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Tests

Table of Endocrine Glands

This table includes a listing of endocrine glands, the hormones they produce, and the diseases and conditions associated with their improper function.
ENDOCRINE GLAND LOCATION/ DESCRIPTION HORMONES GLAND PRODUCES GLAND/ HORMONE FUNCTION EXAMPLES OF DISORDERS ASSOCIATED WITH IMPROPER FUNCTION
Hypothalamus Lower middle of the brain Growth hormone-releasing hormone (GHRH
Thyrotropin-releasing hormone (TRH)
Corticotropin-releasing hormone (CRH)
Gonadotropin-releasing hormone (GnRH)
Prolactin Inhibitory Factor (PIF, dopamine)
Communicates with both nervous and endocrine systems; 
Stimulates GHRH, TRH, CRH, GnRH or inhibits PIF hormone production in the pituitary
Precocious puberty (early GnRH production);
Kallman syndrome (inadequate GnRH production);
Thyroid diseases
Oxytocin Uterine contraction during labour  
Arginine vasopressin (AVP), also called antidiuretic hormone (ADH) Water balance Diabetes insipidus (inadequate AVP production)
Pituitary Below hypothalamus, behind sinus cavity Prolactin Milk production Hypopituitarism
Empty Sella syndrome
Galactorrhoea (milk production not during pregnancy due to high prolactin)
Growth hormone (GH) Bone growth

Acromegaly or Gigantism (excess GH)
Growth Hormone
Deficiency (GHD)

ACTH

Stimulates cortisol Cushing's syndrome (excess ACTH)
TSH Stimulates thyroid hormone Hyperthyroidism
Hypothyroidism
LHFSH Regulation of testosterone and oestrogen, fertility Loss of menstrual period
Loss of sex drive
Infertility
Thyroid Butterfly-shaped; lies flat against windpipe in the throat T4 (thyroxine)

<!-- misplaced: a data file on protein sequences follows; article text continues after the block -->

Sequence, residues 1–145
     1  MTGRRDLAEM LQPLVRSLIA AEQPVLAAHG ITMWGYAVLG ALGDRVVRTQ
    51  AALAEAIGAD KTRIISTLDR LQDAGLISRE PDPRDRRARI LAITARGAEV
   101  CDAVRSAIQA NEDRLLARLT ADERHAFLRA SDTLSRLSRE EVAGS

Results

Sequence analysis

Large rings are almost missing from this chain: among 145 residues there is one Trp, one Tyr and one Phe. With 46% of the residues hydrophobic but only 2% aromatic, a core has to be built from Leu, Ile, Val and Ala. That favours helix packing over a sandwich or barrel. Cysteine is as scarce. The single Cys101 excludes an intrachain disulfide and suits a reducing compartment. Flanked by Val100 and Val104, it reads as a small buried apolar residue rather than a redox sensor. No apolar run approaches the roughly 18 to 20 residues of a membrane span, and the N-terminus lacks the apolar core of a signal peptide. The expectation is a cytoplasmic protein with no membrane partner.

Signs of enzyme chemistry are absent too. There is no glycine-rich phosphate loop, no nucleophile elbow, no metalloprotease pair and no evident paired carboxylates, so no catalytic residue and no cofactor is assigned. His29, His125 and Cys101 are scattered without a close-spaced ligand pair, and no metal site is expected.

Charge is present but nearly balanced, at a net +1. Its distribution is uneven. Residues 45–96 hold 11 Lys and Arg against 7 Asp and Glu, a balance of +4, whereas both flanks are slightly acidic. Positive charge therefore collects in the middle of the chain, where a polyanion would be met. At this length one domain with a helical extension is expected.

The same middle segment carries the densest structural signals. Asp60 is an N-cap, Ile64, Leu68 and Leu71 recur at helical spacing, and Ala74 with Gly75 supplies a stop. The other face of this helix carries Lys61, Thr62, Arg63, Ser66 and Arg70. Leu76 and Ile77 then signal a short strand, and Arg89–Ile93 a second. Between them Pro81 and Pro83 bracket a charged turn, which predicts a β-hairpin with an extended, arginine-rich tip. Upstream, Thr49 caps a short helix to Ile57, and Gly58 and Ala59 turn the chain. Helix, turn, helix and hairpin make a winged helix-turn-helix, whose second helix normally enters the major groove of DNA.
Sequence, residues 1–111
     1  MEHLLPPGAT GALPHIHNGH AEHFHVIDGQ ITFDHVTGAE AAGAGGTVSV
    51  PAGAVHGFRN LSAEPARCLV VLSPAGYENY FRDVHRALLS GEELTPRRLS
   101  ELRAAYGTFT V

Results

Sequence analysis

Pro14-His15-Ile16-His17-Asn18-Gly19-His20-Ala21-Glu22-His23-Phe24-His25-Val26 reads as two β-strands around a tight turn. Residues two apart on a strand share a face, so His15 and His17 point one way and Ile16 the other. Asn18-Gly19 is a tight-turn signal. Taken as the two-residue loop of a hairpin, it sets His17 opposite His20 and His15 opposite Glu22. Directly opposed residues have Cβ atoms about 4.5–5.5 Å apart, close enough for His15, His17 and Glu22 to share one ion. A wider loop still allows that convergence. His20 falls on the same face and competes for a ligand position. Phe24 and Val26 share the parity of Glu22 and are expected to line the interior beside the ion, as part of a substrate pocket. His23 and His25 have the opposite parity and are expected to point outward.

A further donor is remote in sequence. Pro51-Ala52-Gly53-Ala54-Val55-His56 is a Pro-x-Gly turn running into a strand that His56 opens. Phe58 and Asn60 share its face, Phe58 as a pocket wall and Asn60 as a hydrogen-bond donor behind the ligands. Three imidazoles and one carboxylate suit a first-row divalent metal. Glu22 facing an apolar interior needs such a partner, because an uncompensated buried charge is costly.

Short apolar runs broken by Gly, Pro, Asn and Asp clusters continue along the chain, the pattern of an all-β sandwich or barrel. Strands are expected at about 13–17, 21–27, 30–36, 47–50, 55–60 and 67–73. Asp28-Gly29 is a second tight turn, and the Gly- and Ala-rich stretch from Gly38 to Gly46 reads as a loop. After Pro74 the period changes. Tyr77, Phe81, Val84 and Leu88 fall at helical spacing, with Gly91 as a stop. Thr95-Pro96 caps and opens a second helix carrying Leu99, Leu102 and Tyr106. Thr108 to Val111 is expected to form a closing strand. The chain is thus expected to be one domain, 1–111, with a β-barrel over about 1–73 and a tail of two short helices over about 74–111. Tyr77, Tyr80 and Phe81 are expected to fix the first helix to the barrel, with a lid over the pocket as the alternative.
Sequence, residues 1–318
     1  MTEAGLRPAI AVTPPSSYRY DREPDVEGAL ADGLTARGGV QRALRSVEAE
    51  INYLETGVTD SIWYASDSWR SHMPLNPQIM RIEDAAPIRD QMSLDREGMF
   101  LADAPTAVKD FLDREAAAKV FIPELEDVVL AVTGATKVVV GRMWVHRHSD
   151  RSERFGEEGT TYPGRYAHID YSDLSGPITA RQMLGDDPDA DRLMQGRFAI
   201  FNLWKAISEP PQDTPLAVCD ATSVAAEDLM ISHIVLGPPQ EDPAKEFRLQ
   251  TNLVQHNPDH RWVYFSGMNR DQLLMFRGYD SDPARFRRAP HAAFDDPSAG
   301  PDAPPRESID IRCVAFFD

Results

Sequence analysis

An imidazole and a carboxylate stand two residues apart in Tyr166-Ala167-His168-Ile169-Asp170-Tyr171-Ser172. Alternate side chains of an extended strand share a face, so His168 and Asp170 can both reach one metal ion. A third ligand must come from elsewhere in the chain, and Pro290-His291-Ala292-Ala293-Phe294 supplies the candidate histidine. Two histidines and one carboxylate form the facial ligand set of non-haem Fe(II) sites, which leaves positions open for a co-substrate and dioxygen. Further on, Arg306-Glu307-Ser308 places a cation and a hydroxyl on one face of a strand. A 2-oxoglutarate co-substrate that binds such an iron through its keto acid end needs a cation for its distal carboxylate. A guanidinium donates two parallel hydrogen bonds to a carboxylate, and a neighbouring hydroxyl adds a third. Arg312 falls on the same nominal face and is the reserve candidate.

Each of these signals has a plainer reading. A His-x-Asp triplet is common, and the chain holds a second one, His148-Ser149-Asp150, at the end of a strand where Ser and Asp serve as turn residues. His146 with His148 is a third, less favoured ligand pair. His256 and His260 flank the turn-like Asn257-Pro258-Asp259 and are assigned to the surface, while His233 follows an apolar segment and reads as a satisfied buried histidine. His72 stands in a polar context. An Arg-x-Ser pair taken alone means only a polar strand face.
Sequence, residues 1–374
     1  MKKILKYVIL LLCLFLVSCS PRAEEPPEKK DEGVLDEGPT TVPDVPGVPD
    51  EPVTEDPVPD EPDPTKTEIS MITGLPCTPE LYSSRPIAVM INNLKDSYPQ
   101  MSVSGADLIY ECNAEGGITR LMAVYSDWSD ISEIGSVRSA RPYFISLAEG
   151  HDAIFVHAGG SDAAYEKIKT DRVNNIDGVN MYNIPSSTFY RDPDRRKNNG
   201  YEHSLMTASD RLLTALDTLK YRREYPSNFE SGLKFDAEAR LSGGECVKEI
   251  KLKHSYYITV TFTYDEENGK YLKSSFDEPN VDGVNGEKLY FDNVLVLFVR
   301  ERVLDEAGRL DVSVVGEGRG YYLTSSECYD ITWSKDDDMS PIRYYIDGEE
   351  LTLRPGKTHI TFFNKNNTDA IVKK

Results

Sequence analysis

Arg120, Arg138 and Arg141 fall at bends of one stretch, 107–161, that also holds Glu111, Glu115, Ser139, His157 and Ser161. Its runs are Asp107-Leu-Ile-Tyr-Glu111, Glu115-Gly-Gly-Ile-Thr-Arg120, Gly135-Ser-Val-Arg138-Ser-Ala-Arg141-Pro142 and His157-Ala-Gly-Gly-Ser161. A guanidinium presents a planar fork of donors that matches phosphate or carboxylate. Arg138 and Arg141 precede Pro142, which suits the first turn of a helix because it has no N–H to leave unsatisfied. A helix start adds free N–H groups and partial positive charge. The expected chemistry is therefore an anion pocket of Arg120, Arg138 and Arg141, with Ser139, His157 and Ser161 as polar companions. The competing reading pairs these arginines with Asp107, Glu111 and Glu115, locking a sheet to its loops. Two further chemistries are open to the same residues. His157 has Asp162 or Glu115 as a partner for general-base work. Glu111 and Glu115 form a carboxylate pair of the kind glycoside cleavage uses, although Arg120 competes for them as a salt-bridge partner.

T3 (triiodothyronine)
Helps regulate the rate of metabolism Thyroid diseases (including hypo & hyperthyroidism)
Calcitonin Helps regulate bone status, blood calcium  
Parathyroid 4 tiny glands located behind, next to, or below the thyroid Parathyroid hormone (PTH) Regulates blood calcium Hyperparathyroidism
Hypoparathyroidism
MEN1
Adrenal 2 triangular organs, on top of each kidney Adrenaline
Noradrenaline
Blood pressure regulation, stress reaction Phaeochromocytoma (MEN2)
Aldosterone Salt & water balance Conn’s syndrome
Cortisol Stress reaction Cushing’s syndrome
Addison’s disease
DHEA-S Body hair development at puberty Cancer
Adrenal hyperplasia
Ovaries 
(females only)
2 located in the pelvis Oestrogen
Progesterone
Female sexual characteristics Polycystic ovary syndrome (PCOS)
Testes 
(males only)
2 located in the groin Testosterone Male sexual characteristics Hypogonadism
Pancreas Large, gourd-shaped gland, located behind the stomach Insulin
Glucagon
Somatostatin
Glucose regulation Diabetes mellitus
MENI
Zollinger-Ellison syndrome
Pineal Lower side of the brain Melatonin Not well understood;
Helps control sleep patterns, affects reproduction
 

 

The goal with endocrine gland testing is to identify the hormone(s) that are being over- or under-produced, to determine which gland(s) are involved, and to determine the cause. This may involve measuring hormone levels and their metabolites in the blood and/or urine. It may also involve stimulation or suppression testing to evaluate hormone production and/or its “upstream” hormone stimulation (to find out if it is the gland itself that is dysfunctional or if it is due to dysfunction by the gland preceding it). If a tumour is suspected, then imaging scans may be used to help locate the tumour. If symptoms are suspected to be due to an inherited condition, then genetic testing may be recommended. Patients often see an endocrinologist (an endocrine gland specialist) to help them determine the appropriate testing and treatment. Related testing on this site includes:

Laboratory tests

Non-laboratory tests

  • Magnetic resonance imaging (MRI)
  • Computed tomography (CT)
  • Ultrasound
  • Radioisotope scans

Last Review Date: February 13, 2015